Jere, Dale, and I saw *Travesties* on 6/14/18. It's a play from 1975 by Tom Stoppard, this is the first time it's been revived on Broadway since then (it won the Tony for Best Play back in the day). It takes place in Zurich in 1917. Stoppard's jumping-off point was this: James Joyce was in Zurich at the time and started an English-language theatre company. He did a production of *The Importance of Being Earnest* and cast Henry Carr as Algernon. Carr complained that Joyce's payment to him didn't cover the cost of his costumes, asked for a share of the profits and compensation for the trousers, hat, and gloves he had bought to wear onstage. Joyce told him that he would not be paid for the costume, as they were ordinary clothes that he could wear on the street after the show had closed. Carr threw some choice words at Joyce.
Joyce filed two suits against Carr: one for the 25 francs that Carr owed him for tickets he had promised to sell, and another suit for libel. Carr countersued for 450 francs: his share of the profits and compensation for the cost of the clothes he had bought. The case was heard six months later and Carr was ordered to pay Joyce 60 francs, plus 39 francs for court costs. Joyce had further revenge by creating an unlikable character in *Ulysees* and naming him Henry Carr.
Stoppard took Carr, at most a footnote in 20th century literature, and built a play around him, making him the central character. He created your typical Stoppardian grab bag of interests, influences, and intrigues: the other characters are Joyce, naturally, and two other revolutionaries living in Zurich at the time: Vladimir Lenin (who soon went back to Russia to lead the October Revolution) and Tristan Tzara (one of the founders of the "anti-art" movement Dada). And since a play is always more fun with a few biological females, he added Lenin's wife and Gwendolyn and Cecily from *The Importance of Being Earnest.* Also Bennett, the butler from *Earnest.*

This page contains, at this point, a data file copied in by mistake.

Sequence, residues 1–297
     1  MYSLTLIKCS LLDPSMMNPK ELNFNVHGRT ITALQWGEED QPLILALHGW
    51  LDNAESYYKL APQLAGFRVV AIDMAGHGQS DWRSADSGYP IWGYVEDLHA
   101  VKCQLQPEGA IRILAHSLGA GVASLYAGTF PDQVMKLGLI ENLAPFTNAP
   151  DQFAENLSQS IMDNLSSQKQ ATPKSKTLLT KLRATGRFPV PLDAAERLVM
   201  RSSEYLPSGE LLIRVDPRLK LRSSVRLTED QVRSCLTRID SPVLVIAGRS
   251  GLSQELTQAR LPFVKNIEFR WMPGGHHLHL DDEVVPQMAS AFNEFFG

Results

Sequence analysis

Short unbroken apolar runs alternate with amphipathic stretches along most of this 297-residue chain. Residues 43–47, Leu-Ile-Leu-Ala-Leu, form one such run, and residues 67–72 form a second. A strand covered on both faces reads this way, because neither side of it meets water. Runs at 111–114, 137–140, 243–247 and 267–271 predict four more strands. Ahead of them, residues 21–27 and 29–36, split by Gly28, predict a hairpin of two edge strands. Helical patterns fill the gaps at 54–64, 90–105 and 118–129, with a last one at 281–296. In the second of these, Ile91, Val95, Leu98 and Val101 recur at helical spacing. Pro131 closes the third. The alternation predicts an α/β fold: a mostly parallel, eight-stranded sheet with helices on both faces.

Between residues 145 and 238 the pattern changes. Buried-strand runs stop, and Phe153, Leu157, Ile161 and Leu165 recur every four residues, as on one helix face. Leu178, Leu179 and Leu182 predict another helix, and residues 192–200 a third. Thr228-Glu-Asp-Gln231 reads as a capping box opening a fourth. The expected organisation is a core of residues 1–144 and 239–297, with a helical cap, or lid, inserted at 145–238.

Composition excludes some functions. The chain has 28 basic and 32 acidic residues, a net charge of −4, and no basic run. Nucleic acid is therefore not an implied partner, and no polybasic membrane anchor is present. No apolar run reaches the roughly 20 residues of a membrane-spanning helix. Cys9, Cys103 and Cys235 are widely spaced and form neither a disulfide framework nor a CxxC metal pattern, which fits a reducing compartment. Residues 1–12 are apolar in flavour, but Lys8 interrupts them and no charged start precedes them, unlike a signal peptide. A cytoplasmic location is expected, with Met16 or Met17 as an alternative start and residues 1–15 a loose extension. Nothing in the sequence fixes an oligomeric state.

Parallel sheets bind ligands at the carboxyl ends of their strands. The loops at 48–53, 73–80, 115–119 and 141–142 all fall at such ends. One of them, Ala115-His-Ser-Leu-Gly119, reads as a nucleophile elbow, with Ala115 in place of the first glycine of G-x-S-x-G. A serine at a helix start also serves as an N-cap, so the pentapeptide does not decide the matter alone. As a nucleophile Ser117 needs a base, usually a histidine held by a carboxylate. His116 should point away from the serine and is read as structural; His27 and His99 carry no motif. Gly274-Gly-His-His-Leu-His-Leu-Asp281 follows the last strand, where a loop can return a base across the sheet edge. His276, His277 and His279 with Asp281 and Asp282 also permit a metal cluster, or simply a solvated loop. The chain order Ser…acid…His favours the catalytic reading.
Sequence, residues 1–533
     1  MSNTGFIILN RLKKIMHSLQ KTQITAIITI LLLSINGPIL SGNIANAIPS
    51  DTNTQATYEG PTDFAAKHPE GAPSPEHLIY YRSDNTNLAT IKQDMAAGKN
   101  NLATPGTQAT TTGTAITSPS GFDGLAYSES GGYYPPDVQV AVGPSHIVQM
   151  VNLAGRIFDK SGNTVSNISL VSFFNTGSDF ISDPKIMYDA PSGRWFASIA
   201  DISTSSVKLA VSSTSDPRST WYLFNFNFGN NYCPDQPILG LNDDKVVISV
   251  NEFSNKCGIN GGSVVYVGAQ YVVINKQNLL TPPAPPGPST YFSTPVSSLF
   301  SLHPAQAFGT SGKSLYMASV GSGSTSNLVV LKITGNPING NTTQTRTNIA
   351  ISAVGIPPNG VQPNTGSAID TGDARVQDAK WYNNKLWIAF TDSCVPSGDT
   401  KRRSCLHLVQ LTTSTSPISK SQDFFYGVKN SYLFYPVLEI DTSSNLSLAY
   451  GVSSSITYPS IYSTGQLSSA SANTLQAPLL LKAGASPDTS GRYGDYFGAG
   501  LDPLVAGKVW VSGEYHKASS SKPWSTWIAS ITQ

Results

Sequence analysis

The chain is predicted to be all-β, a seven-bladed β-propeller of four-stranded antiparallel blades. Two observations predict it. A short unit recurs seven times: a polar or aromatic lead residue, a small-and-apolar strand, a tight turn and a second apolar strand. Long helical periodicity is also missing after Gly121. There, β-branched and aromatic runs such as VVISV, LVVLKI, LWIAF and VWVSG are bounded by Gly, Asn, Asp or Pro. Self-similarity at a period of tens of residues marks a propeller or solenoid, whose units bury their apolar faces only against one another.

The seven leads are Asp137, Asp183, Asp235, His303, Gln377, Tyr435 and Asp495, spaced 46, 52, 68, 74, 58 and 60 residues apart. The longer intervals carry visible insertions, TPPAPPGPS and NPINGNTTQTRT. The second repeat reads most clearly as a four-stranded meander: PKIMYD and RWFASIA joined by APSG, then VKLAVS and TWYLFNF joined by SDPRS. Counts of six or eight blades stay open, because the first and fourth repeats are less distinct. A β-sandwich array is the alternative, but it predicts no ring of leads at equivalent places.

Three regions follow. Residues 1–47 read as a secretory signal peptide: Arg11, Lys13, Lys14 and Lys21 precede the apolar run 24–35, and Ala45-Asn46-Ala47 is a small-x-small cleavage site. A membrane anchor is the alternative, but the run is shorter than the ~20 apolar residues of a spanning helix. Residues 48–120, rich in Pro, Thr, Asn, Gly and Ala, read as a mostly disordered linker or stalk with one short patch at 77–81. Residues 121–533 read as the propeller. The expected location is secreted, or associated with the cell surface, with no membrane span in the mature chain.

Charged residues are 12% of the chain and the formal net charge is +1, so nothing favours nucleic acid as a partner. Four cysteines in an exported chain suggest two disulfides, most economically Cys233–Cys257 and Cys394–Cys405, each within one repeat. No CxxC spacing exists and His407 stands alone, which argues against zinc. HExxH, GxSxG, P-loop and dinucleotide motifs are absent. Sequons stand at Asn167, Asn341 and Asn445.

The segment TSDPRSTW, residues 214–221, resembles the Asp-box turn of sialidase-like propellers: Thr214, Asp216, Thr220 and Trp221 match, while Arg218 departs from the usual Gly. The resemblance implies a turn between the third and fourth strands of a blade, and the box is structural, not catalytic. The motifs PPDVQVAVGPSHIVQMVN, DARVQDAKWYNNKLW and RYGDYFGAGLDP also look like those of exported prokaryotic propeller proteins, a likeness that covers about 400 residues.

There are many quotes from *Earnest* - - Joyce at one point walks in on Tzara and Gwendolyn and says, "Rise, sir, from that semi-recumbent posture!", Lady Bracknell's show-stopping line. But more impressively, Stoppard takes scenes from *Earnest* and rewrites them with the characters on hand. The production, directed by Patrick Marber, was high energy, bristling with wit, madcap! The actors, led by Tom Hollander as Carr, were all extraordinary. Nearly all of them gave a tour de force performance.
The lights went up at intermission and Jere said, "Where is it all going?" I said, "Stoppard is often stimulating but not what I would call dramatic." "But," Jere said, "isn't that kind of the point of writing a play?"
Stoppard in general and *Travesties* in particular give the audience an opportunity to feel very clever and superior to people who wouldn't understand the show or see the humor or genius in it. Again, is that really what we want from a play? It works for me, and this production definitely found the ideal balance of wit and warmth, but the after effect is a little smug. Quoting Jere again: "It's a lot of words going by very quickly." Which is impressive, but is it satisfying? It was for me, but it seems notable that I would still ask the question.